[top]Barriers to reuse

There are many barriers to the more mainstream reuse of construction components within currently configured supply chains. These include:

Technical barriers:

  • Lack of standardization of components
  • Processing reclaimed sections through automated fabrication lines
  • Ensuring and warranting the performance of reused components
  • Lack of detailed knowledge of the product’s properties and in-use history (this may be important, for example, if the component has been subject to fatigue loading)
  • Quality assurance of reused products
  • Robustness of products in the deconstruction process, i.e. many lighter products do not survive the deconstruction process intact
  • Practicalities of economic deconstruction including deconstructing composite components

Logistical barriers:

  • Assured availability of supply
  • Demolition programmes are often too short to enable contractors to deconstruct buildings
  • Sufficient storage space for recovered products
  • Deconstruction, as opposed to demolition using remote, high-reach equipment, has significant implications for the health and safety of workers


  • Lack of commercial drivers for reuse
  • Cost of storage, cataloguing, refurbished products, etc.
  • Cost of testing to verify and guarantee properties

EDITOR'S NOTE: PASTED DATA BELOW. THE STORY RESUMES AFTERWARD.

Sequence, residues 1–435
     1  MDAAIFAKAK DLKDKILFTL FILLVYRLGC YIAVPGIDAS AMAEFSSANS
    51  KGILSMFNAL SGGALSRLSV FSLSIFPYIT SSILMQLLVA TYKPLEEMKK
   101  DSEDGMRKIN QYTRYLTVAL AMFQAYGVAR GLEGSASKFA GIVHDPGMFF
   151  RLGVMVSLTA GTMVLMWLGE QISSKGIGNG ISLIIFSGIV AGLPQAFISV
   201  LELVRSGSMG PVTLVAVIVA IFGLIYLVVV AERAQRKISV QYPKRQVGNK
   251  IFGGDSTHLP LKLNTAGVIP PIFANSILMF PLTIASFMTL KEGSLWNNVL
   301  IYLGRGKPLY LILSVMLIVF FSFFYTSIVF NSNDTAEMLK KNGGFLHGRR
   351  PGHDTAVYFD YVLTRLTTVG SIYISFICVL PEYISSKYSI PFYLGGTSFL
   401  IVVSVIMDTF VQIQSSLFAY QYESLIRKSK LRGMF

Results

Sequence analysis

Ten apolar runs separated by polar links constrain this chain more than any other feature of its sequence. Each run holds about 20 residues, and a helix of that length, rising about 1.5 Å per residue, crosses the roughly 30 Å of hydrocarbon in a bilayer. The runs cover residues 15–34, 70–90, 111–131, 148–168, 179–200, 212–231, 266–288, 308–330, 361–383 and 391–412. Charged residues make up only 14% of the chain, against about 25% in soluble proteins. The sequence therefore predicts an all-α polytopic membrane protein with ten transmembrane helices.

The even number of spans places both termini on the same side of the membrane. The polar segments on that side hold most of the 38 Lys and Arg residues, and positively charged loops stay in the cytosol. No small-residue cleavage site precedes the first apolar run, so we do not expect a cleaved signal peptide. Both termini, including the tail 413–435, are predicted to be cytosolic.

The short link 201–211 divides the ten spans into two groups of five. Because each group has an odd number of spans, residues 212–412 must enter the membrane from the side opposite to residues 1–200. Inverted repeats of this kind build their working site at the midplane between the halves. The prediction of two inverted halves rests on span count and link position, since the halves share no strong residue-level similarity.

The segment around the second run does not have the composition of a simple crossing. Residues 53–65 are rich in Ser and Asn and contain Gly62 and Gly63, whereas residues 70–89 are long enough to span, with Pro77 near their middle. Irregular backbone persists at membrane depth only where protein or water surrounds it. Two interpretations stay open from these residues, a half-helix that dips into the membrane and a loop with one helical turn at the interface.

• Client expectation that ‘second-hand’ products should be cheaper than new ones
  • Additional cost of deconstruction over traditional demolition (which is generally quicker and less labour-intensive)


  • How to manage and apportion risk and liability associated with deconstruction and reuse.

[top]Reusing structural steel

Steel buildings and steel construction products are highly and intrinsically demountable. This potential is illustrated by the large number of temporary works systems that use steel components, e.g. scaffolding, formwork, sheet piles, etc. Provided that attention is paid to eventual deconstruction at the design stage, there is no technical reason why nearly all of the structural steel building stock should not be regarded as a vast ‘warehouse of parts’ for future use in new applications.

Steel can be reused at both the product and the building level. Already some industries, such as the agricultural sector, commonly reuse steel structures and cladding components.

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British Pavilion, Seville Expo ’93

Many steel construction products and components are highly re-usable including: